THE country’s gross domestic product (GDP) for the first quarter could have hit 7.2 percent if not for the delayed approval of the 2019 General Appropriations Act (GAA), as underspending for the quarter amounted to P69.5 billion, the Department of Finance said.
Based on its latest economic bulletin on the country’s GDP, the DOF said the country’s first-quarter GDP—a low 5.6 percent as reported earlier by the Philippine Statistics Authority (PSA)—was a casualty of the budget impasse between the Senate and the House of Representatives, whose leadership the senators accused of trifling with the bicameral conference report even after such had been ratified in plenary by both chambers.
“If the budget were approved as scheduled and disbursements were made promptly, GDP growth in the first quarter would have risen to 7.2 percent. Underspending of P69.5 billion in the first quarter of the year reduced GDP growth by 1.6 percent of GDP,” Finance Undersecretary Gil S. Beltran said.
The country’s first-quarter GDP of 5.6 percent is much lower compared to the reported first-quarter 2018 GDP of 6.5 percent.
Last week, the economic managers pointed out that the budget impasse in Congress in the first three months of the year set off a spending cutback which stifled economic activity.
The non-approval of the 2019 budget bill forced the government to operate on a reenacted 2018 budget for the entire first quarter, resulting in underspending equivalent to P80 billion to 90 billion in disbursements for the first quarter of 2019.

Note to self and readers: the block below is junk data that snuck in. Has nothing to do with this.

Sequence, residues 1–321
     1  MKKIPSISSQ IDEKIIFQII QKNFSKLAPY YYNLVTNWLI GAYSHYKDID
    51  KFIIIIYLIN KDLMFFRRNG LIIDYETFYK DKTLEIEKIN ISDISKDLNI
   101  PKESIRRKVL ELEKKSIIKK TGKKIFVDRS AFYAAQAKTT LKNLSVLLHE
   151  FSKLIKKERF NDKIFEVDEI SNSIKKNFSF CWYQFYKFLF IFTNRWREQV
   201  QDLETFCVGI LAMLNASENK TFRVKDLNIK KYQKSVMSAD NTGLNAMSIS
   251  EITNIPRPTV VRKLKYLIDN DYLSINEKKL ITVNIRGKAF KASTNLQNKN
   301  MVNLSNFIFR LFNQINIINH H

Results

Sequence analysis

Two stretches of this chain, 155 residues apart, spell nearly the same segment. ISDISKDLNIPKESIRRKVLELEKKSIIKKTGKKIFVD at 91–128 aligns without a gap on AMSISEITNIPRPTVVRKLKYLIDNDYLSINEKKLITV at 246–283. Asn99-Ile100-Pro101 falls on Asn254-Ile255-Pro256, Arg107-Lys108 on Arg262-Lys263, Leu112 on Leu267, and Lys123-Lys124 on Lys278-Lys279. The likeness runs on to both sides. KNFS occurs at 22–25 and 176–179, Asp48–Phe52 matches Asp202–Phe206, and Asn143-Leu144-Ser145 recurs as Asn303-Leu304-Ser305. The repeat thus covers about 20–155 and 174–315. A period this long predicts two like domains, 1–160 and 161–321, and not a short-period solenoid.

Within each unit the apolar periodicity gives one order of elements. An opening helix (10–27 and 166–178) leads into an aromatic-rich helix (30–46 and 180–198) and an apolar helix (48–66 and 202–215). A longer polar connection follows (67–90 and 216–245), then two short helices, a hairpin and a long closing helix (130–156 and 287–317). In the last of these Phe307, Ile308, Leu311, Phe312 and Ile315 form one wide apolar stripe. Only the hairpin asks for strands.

The economic managers added that the Philippine economy should have grown by at least 1 percentage point higher, at 6.6 to 7.2 percent, in the first quarter instead of the 5.6-percent rate.
Finance Secretary Carlos G. Dominguez III also earlier revealed that state spending fell by some P75 billion in the first three months of the year, based on an estimate of P1-billion loss per day, which meant “lost opportunity to fund new infrastructure projects, a setback aggravated by the public works ban this election campaign period.”
From the expenditure side, the lower growth can be traced to a moderated growth in both government consumption and capital formation/investment, which grew by 7.4 percent and 6.8 percent, respectively, compared to the 13.6 percent and 10.3 percent in the same quarter of last year.
The slowdown in capital formation is explained by the significant contraction in public construction by 8.6 percent compared to the 22.6-percent growth in the same quarter of 2018.
Last week, Dominguez expressed optimism the country will still post a higher GDP print for 2019, as enactment of the 2019 GAA will enable the government to fast-track the implementation of its “Build, Build, Build” infrastructure projects.